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Monday, January 18, 2016

What's in a Name?

Our study of prophets moves on to Hosea now. His ministry overlaps with that of Amos, so it's interesting to see a different emphasis in his preaching. I'm looking forward to sharing the study with our group, and I hope you'll enjoy it too.

(12) What’s in a name? Hosea

The Talmud calls Hosea the greatest prophet of his generation. He was a Northern Israelite – the only native Israelite prophet to leave a written legacy. He preached at the same time as Amos, during a period of deceptive ease as the Assyrians begin to take over the neighborhood. Amos preached mostly against oppression, injustice, poverty and other social ills. What do you remember about Hosea, and what theme do you expect to find reflected in his teaching?

The characters in the book of Hosea frequently have meaningful names. Even Hosea’s name means something. Read Numbers 13:8,16.
1.       Can you imagine how Hosea is changed into Joshua? (Hint, add Je...)

2.       Do you know, or can you guess what Hosea means? It was an appropriate name for Moses’ successor.

3.       What other name do you know that’s derived from Joshua?

4.       And have you ever been tempted to read a meaning into your name?

Read Hosea 1:1
1.       What useful information do we find at the start of the book?

2.       Do you usually read or skip lists of names in the Bible?

Read Hosea 1:2
1.       What does this us about Hosea’s world?

2.       How do you imagine the scene as God speaks to Hosea? People have imagined it in many different ways.

Read Hosea 1:3-5
1.       Read 1 Chronicles 1:6, Ezekiel 38:6. Gomer is the name of Noah’s grandson, and also of a tribe. The name means “complete.” In what sense might Gomer’s entry to the story complete it?

2.       Jezreel means “God sows.” Does the thought of God sowing remind you of any parables?

3.       Jezreel is also the place where King Omri’s dynasty was overthrown by Jehu (ancestor of the current King Jeroboam of Israel). Why might this be significant in naming the child?

4.       Read Hosea 2:21-23. What is God promising to sow? Have you ever felt sown or planted by God?

Read Hosea 1:6-7
1.       How would you feel if your name was “No Mercy,” or “No Love”?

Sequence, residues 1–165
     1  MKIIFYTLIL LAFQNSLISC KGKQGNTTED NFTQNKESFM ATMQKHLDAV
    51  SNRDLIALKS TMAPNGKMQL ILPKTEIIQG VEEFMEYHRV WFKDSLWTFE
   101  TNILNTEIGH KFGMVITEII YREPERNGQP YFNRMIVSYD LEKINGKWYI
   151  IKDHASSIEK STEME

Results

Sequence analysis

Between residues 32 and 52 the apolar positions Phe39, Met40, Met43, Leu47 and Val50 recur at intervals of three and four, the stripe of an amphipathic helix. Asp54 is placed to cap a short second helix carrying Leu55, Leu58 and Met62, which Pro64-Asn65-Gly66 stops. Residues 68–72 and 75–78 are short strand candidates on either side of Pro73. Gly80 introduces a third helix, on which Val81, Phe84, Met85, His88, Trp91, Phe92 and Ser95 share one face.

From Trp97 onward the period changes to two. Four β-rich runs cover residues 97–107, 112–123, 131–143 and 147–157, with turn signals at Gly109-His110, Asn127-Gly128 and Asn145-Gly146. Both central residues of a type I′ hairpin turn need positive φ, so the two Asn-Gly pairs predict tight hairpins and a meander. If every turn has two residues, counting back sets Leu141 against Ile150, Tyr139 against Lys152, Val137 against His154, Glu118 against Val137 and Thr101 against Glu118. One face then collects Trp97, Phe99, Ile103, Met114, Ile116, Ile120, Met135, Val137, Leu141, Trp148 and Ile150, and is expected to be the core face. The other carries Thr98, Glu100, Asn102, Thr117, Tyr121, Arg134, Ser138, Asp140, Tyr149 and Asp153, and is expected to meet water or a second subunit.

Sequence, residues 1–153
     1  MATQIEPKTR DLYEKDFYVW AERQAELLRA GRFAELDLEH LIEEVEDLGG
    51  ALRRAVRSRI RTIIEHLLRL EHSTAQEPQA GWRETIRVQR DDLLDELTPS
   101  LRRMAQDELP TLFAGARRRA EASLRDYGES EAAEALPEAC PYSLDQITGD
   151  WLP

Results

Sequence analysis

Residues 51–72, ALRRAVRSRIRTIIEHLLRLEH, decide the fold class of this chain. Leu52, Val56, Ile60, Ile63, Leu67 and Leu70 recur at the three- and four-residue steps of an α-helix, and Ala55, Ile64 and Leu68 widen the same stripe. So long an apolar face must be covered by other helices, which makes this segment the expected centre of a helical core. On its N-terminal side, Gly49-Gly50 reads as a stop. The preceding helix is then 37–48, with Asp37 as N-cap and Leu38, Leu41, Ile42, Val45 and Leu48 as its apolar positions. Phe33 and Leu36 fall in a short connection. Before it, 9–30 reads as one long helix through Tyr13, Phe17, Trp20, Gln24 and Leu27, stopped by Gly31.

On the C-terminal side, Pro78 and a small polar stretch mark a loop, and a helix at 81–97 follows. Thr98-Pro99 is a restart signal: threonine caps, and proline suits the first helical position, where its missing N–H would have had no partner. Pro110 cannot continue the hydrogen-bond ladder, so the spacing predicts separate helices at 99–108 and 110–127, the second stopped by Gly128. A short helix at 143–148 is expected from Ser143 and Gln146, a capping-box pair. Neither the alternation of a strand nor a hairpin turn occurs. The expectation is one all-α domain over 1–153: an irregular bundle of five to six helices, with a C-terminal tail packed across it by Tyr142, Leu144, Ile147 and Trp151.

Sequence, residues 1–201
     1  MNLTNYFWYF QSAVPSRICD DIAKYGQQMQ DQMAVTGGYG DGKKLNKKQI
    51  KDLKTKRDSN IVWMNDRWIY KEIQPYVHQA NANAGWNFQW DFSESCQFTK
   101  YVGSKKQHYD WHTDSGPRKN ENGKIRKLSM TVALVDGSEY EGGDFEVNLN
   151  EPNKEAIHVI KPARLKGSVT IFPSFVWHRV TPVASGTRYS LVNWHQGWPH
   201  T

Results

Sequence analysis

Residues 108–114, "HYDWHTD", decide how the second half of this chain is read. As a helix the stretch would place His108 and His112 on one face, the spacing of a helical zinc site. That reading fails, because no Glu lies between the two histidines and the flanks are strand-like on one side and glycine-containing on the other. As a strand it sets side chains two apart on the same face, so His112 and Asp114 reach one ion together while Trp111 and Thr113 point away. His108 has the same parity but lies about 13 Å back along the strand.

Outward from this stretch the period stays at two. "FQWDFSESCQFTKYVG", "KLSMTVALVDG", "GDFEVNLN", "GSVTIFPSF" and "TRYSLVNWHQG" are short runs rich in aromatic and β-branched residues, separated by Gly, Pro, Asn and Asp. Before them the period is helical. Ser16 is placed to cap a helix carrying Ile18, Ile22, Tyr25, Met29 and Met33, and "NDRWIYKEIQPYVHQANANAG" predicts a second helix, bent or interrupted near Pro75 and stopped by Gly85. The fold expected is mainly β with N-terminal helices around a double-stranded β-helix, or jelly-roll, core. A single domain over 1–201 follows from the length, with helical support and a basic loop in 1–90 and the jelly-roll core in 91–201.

2.       What sort of mercy is God promising for Judah?

3.       What mercy do you think he promises for us?

Read Hosea 1:8-9
1.       Even worse, what if your name was “Not My People”?

2.       How do names affect you? Can you think of someone whose name fit them perfectly, or whose name was nothing like the person?

3.       If it would be cruel to name someone “No Mercy,” is it also cruel to name them “Mercy” unless God calls you to?

Read Hosea 1:10. Has this happened yet?

Read Hosea 1:11-2:1. All three children’s names come into this short passage, completing (Gomer) the picture. Can you weave a story of yours or your family’s names?

Read Hosea 3:1-5. Some readers imagine Gomer left her husband and he bought her back. Others suggest this is just the same story being repeated in a different way (like Genesis 1 and 2). What is important in the story, whichever way we read it?

Let’s move on now to read how God feels about his people.
1.       Read Hosea 2:2-3. What has Israel done, and what might be the punishment?

2.       What might a call to “rebuke” the mother mean to us today? Is mother the government, the church, or something else entirely?

3.       Read Hosea 2:4-5. Is there a sense in which our society or our churches go after other lovers? Have they in history? What tempts them?

4.       Read Hosea 2:6-10. How might God “block their path,” or ours. If someone told you modern society is a parable of our relationship with God, would you condemn the sinners or beg forgiveness for yourself? Which should we do in general?

5.       Read Hosea 2:11. Was Israel still worshiping God? What makes worship real?

6.       Read Hosea 2:14. Is this a punishment or a kindness? Why is it sometimes hard to tell the difference?

7.       Read Hosea 2:16-23.
a.       What’s the difference between a husband and a master?

b.      The names of the Baals will not be remembered. Will God remember our sins?

c.       Why would there be a covenant with the beasts and birds? Read Genesis 1:25, 8:17, Isaiah 11:6-9, Ezekiel 34:25

d.      Would you feel safer if all weapons were destroyed, or would you wonder how to defend yourself?

e.      What gifts make it possible for us to know the Lord?

f.        How do you think God feels about us, our churches, our neighborhoods, our country, our world? And are any of these really ours?

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